By Nolan Feeney
June 13, 2015

A rare bacteria that’s found in seawater has infected seven and killed two people this year in Florida, state health officials warned.

Vibrio vulnificus can spread through direct contact between seawater and open wounds as well through eating raw shellfish, Florida Health Department spokesperson Mara Burger said in a statement, CBS News reports. If the bacterium is ingested, symptoms included abdominal pain, diarrhea and vomiting. If it enters through the skin, it can cause infections and skin ulcers—though calling it a “flesh-eating bacteria,” as many say, is a misnomer.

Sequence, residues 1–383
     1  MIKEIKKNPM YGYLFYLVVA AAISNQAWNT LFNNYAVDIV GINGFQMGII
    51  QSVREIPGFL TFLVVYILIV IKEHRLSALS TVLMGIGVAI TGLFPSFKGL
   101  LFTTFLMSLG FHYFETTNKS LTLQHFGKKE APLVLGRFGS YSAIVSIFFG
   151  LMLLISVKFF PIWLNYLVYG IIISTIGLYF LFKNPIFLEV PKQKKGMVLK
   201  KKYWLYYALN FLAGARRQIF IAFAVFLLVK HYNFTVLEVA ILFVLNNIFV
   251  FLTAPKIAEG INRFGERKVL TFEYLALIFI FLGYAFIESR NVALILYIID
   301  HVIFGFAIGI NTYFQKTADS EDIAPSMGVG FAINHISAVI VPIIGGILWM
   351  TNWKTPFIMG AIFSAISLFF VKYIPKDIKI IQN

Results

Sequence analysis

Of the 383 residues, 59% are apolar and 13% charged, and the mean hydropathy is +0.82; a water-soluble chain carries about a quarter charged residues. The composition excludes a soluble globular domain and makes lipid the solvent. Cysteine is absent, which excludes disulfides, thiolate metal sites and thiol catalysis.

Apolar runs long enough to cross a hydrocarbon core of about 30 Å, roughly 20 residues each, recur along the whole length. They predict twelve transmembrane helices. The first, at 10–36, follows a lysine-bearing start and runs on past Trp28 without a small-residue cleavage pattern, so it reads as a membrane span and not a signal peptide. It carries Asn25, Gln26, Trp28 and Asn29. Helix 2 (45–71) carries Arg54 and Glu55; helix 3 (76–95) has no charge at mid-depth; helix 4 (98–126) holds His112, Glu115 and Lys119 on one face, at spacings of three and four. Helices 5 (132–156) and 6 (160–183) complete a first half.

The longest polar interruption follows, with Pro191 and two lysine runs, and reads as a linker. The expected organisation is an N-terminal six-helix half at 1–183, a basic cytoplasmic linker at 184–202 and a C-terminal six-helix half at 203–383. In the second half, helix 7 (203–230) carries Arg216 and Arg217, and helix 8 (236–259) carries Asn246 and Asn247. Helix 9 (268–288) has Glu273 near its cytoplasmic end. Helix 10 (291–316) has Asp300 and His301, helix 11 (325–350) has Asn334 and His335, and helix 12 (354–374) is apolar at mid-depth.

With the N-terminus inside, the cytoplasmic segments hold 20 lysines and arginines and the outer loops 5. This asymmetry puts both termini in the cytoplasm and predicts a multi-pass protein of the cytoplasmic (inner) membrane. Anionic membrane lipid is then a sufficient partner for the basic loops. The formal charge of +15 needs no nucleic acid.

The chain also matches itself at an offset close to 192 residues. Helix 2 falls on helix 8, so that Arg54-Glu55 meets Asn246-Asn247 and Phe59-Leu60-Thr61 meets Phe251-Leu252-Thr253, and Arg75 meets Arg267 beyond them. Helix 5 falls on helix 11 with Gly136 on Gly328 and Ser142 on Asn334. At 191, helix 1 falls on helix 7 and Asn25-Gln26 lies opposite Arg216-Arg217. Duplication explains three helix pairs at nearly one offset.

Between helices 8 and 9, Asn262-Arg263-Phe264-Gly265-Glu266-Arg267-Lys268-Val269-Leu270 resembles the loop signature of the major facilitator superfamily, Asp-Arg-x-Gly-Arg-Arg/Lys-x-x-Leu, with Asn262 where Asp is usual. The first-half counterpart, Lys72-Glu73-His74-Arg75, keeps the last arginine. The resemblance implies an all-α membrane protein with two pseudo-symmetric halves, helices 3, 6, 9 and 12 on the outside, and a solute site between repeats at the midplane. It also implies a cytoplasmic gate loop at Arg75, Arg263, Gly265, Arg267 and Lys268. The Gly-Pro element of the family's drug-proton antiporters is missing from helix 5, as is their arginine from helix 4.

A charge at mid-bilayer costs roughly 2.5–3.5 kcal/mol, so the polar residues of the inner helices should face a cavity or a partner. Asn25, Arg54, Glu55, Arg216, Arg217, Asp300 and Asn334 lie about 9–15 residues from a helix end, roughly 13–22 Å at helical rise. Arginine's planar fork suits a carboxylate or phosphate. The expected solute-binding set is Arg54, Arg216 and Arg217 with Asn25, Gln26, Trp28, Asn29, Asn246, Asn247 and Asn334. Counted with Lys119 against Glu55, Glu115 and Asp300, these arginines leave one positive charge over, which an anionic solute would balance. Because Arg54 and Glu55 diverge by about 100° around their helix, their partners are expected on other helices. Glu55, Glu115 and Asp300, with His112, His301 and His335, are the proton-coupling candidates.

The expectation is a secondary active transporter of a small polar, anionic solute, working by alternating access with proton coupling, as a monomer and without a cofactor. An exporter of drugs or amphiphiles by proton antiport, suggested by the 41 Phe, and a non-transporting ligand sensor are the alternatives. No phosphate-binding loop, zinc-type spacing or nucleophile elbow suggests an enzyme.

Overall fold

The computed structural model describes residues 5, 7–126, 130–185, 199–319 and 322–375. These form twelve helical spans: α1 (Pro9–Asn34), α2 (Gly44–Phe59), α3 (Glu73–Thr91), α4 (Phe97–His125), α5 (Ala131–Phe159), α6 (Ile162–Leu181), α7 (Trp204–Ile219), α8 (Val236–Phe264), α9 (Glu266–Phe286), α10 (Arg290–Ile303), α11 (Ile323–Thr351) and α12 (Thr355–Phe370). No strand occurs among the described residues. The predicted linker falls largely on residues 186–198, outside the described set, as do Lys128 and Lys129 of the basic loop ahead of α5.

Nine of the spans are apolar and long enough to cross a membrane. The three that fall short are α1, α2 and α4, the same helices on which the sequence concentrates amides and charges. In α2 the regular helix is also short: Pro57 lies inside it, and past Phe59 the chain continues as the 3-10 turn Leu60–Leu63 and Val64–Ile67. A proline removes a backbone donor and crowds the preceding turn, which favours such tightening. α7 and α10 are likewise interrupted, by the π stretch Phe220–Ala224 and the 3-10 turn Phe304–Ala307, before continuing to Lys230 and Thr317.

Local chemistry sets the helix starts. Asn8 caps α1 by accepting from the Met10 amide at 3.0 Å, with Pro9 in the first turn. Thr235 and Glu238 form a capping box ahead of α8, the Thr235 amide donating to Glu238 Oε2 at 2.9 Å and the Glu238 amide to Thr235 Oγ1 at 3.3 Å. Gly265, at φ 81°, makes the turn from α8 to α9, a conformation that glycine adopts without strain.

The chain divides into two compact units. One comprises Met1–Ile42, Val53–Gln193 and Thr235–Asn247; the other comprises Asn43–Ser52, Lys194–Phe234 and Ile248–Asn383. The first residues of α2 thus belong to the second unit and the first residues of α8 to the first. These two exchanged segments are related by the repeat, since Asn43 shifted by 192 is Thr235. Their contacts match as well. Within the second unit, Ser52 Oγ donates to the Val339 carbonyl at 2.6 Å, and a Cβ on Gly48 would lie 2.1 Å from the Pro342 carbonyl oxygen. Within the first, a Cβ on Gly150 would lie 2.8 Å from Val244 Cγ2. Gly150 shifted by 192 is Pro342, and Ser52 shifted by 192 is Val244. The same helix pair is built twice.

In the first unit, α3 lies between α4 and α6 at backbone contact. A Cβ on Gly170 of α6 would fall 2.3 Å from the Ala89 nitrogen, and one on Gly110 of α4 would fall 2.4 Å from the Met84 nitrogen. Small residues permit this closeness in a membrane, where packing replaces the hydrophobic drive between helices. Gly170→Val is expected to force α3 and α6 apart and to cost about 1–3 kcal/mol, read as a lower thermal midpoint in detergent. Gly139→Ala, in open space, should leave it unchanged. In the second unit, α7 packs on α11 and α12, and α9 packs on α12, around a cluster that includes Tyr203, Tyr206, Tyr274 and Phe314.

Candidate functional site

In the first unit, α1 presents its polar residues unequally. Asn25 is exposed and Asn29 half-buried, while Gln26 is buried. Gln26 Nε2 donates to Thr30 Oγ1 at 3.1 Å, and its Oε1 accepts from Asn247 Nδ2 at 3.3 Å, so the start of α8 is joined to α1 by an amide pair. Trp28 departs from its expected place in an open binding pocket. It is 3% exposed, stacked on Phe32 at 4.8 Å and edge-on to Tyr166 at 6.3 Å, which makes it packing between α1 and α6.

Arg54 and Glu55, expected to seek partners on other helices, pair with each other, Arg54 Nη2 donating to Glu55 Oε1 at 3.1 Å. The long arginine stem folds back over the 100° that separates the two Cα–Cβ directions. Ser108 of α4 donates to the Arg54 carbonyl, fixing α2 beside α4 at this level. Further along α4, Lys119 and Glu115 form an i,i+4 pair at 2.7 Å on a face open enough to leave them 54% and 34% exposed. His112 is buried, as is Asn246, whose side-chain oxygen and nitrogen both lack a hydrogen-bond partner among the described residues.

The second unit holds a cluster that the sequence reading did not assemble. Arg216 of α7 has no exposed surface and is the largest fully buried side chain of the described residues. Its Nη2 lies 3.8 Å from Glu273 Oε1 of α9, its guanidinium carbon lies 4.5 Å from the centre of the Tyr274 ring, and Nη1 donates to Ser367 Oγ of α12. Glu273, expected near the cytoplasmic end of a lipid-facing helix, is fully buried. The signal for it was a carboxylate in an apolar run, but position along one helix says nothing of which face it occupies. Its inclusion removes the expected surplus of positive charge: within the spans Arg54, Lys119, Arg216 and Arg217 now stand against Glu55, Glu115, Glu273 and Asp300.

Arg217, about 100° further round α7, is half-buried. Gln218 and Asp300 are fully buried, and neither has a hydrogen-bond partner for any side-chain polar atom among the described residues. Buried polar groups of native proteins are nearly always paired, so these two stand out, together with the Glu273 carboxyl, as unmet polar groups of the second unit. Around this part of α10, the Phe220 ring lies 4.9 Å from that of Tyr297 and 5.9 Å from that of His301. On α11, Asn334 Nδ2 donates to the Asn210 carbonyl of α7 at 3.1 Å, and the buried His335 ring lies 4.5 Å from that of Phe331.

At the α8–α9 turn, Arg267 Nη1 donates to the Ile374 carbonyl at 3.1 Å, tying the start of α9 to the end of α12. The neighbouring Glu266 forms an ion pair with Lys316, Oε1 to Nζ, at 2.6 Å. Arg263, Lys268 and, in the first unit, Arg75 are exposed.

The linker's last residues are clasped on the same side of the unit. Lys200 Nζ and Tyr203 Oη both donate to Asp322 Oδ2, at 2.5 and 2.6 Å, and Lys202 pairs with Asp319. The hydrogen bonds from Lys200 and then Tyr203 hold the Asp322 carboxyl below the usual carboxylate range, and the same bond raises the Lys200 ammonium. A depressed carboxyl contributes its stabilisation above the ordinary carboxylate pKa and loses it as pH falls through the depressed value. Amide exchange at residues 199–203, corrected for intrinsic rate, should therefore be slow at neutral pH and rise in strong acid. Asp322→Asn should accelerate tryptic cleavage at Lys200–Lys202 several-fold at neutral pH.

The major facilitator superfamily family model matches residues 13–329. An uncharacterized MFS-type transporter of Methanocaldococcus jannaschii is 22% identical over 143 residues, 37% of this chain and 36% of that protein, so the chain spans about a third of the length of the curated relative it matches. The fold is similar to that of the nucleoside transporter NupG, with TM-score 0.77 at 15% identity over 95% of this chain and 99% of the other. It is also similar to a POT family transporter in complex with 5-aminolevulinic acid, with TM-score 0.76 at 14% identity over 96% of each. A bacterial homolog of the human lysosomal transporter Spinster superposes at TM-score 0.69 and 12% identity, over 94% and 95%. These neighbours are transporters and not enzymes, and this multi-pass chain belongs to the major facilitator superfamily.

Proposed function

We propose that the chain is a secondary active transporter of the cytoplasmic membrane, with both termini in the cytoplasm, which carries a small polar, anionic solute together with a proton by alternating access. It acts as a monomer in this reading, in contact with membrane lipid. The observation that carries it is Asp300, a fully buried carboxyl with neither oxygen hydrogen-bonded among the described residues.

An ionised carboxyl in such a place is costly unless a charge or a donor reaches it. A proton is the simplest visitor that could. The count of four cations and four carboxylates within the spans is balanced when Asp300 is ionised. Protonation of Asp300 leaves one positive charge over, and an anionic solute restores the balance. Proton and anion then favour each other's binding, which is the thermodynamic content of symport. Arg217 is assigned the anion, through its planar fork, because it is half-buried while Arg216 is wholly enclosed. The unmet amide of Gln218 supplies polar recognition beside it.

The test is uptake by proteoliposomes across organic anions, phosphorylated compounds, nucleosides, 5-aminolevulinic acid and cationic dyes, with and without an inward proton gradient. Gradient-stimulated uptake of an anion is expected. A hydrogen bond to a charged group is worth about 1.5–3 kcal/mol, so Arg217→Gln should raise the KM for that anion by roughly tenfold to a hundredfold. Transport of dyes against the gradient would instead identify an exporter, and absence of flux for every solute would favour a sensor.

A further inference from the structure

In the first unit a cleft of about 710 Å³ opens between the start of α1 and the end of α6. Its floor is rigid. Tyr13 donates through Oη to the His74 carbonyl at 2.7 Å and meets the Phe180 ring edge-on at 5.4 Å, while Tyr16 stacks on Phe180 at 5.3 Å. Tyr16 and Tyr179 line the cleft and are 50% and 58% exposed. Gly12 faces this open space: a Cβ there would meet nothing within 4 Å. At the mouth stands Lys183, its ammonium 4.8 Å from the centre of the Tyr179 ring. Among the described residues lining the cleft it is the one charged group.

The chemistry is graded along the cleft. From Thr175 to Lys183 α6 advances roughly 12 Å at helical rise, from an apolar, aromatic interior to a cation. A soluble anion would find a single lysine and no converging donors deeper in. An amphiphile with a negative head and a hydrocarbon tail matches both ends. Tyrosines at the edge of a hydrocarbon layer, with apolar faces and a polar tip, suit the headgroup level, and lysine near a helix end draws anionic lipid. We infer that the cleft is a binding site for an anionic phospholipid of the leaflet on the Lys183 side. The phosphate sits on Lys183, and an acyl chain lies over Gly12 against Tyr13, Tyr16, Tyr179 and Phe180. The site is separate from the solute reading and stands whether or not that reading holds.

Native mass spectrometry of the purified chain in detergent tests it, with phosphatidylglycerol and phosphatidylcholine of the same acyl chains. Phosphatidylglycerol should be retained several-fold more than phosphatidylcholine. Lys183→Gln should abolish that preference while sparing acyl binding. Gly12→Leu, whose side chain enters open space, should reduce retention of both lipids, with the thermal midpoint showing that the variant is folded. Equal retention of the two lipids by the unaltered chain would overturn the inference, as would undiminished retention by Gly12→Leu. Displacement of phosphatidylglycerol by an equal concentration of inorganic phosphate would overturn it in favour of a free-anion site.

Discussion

Symptoms are typically mild for healthy people, and most cases are treatable with antibiotics, but the bacteria poses a greater risk for those with compromised immune systems and can be fatal. Though there were only 32 cases last year, the Florida Health Department advises eating shellfish only if it’s thoroughly cooked as well as avoiding the water if you have cuts or other wounds on your skin.

[CBS]

Write to Nolan Feeney at nolan.feeney@time.com.

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